Mike Gillam, Nice to hear you again! Thank you for your …

Comment on Of real estate, roses and living in the CBD by Suzanne Visser.

Mike Gillam,
Nice to hear you again! Thank you for your kind words.
The word “rose” seems to still be current between us. This time in “rose coloured glasses”. Yes, our town can be dangerous at times, but where we decided to settle, on the East Coast, was a zillion times more dangerous.
I think danger also depends on one’s own attitude and hey, it is nice to write about something nice for a change.
Not all is gloom and doom and there’s much about our town that can and should be enjoyed.
I saw it with fresh eyes when I came back and compared to many towns in Australia it is colourful, multicultural, a town of painters, and very very laid back. The friendliness of the people was also something I had almost forgotten in my two years of absence.
Kind regards,
Suzanne Visser

Suzanne Visser Also Commented

Of real estate, roses and living in the CBD
Bob Durnan,
“Conventional negative doom-saying bullshit that is served up with monotonous regularity.”
Well said! That’s exactly the point I wanted to make. There is the occasional aggressive drunk here, yes. But compare that with a town like Byron Bay (we were close to this once beautiful coastal town), which has now become the most dangerous town of NSW. The fuel for aggression there is not grog but speed. In Byron Bay whole gangs go party crashing base ball bats in hand. Murder is a regular occurrence. Not to mention Nimbin, once the place to go and “find peace and love”. Semi-organised crime is everywhere in those beautiful hills and what is worse: the police there is useless. The police here are great. Compassionate but firm. And our social services, such as the YSOS, but also the Women’s Shelter, DASA, CAAAPU, and the social workers at Centrelink, to name only a few, are second to none.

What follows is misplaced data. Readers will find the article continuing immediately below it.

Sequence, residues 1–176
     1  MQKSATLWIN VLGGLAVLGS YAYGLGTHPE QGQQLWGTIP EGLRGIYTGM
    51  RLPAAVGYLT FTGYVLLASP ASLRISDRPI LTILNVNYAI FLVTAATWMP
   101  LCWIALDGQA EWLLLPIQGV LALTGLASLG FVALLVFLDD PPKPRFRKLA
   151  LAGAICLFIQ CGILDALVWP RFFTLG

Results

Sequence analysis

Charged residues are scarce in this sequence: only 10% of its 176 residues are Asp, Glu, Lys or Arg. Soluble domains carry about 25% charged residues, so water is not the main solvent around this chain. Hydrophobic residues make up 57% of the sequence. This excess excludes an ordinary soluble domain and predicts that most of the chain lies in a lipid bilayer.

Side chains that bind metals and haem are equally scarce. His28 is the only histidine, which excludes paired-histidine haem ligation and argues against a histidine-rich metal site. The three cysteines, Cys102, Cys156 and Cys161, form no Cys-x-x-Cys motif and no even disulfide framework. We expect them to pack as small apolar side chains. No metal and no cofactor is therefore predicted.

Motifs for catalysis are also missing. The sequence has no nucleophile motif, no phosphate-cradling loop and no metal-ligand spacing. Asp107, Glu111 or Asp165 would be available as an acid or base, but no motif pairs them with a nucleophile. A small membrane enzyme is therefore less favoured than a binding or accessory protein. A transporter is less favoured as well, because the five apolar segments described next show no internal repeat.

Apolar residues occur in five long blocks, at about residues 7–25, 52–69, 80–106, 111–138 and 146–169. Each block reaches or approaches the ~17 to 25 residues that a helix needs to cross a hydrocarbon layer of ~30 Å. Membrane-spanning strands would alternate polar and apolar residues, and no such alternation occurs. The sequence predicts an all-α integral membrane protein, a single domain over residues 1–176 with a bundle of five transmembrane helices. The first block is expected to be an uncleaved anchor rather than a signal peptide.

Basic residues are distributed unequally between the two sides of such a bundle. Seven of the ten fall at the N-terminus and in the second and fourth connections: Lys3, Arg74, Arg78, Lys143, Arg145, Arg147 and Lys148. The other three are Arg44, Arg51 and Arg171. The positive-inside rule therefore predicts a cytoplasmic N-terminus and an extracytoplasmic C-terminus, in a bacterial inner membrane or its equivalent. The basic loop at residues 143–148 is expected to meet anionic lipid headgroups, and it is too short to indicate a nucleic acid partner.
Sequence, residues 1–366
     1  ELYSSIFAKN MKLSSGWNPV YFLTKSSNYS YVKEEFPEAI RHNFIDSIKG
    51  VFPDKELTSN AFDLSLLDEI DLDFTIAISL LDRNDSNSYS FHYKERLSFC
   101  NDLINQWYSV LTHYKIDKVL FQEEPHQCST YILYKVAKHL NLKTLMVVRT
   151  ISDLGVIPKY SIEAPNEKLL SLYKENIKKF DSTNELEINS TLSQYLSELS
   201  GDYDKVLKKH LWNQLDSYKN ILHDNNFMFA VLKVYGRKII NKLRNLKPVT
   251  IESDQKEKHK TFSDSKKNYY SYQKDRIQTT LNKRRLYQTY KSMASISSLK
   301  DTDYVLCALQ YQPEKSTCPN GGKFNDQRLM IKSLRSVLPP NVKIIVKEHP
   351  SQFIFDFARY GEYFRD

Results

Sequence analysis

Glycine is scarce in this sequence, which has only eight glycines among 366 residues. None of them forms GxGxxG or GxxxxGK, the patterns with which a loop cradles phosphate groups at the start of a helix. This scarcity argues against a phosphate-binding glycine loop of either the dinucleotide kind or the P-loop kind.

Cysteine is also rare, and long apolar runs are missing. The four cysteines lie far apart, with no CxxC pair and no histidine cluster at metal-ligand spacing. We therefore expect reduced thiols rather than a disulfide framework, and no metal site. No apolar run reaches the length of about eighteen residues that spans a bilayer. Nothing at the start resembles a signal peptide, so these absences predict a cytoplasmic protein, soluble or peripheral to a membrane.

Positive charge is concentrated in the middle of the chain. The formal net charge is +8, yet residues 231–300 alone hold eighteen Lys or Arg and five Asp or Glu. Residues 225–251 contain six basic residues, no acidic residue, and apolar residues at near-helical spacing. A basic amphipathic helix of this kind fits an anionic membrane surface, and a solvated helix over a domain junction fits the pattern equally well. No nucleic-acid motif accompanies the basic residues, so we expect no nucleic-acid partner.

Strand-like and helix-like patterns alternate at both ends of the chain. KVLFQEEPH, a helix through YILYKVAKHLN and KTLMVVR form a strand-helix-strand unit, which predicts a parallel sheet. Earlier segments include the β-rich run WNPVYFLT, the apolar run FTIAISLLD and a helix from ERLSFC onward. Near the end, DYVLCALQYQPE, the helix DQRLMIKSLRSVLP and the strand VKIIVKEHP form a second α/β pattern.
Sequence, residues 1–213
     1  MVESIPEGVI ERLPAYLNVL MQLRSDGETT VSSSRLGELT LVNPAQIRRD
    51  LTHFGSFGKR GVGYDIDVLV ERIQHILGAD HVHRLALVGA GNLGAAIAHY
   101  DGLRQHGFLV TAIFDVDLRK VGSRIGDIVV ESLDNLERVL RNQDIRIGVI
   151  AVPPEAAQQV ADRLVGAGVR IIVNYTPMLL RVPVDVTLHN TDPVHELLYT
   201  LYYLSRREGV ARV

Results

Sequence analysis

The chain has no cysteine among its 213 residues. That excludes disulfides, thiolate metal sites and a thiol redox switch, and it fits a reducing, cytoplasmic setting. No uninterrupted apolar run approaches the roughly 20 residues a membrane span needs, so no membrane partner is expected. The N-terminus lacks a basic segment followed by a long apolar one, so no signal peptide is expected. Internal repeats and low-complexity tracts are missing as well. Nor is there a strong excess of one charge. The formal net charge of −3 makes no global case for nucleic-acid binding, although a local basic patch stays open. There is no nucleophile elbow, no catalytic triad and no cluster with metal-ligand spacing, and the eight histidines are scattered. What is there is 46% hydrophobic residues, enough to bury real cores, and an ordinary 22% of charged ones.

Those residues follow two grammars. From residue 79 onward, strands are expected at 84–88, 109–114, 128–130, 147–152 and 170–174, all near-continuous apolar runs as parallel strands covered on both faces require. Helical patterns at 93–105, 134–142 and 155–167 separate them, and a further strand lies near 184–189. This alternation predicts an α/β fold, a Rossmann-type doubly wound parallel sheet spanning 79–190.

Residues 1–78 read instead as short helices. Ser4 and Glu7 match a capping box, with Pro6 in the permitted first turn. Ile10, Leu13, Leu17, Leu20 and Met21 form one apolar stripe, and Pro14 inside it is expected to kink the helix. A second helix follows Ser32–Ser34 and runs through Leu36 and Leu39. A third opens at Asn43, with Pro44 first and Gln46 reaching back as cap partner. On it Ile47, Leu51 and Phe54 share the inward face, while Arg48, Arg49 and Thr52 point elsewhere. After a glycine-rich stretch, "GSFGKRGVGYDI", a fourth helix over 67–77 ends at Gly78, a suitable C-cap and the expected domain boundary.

I’ve always thought that the spaces above shops in the CBD should be converted into living accommodation and I also think Alice Springs needs a stunningly built skyscraper by a upcoming killer architect, somewhere in the desert, to attract tourists and to solve the housing problem. Something with a museum on the ground floor and a restaurant on the top floor and a panorama like we once had by Hank Guth, and apartments with stunning desert views, some of the apartments lofts with only the bare minimum so that people can build them up at their own pace. If I were rich that would be a project I would embark on tomorrow. As for now I long to work again for one of these amazing organisations mentioned above.

Recent Comments by Suzanne Visser

Youth crisis: broken window of tolerance
Yes, Rainer, exactly, yes. Thank you!

Horror numbers in tourism stats, with a hint for a solution
When one has been away from Alice for a while, like me, and one comes back on an overpriced flight, one sees it clearly: a town in crisis. Dirty, dangerous, struggling. Expensive too.
Of course the good old friendly community is still there, but the tourist does not get to experience that.
What she or he experiences is an ugly town where going out after dark is not an option.
In the daytime she or he encounters screaming, fighting, etc.
There’s nothing to see that is uplifting. Empty shops galore.
Even backpackers, who have saved Alice before, now stay away.
It has not alway been like this.
I ran a backpackers hostel between 2006 to 2010. I was nearly always fully booked. I sold just in time. I felt how the town was slowly collapsing.

They must be joking!
It can’t have been very expensive!

They must be joking!
OMG! is all I can come up with. I laughed uncontrollably for about 5 minutes, then the sad truth sank in. This rabbit is for the staying. How utterly frightening!

Vinnies in Alice barely surviving
Another NGO where bullying of staff is rampant.
Alice is full of them and this is a huge problem for employees and volunteers in Alice Springs.
Let it be clear that Melissa Durston was bullied away. I saw this happen and was one of the 40+ volunteers who protested and then walked off.
The whole situation could have easily been avoided. A tragedy caused by incompetence in management that affects the poor in our community.

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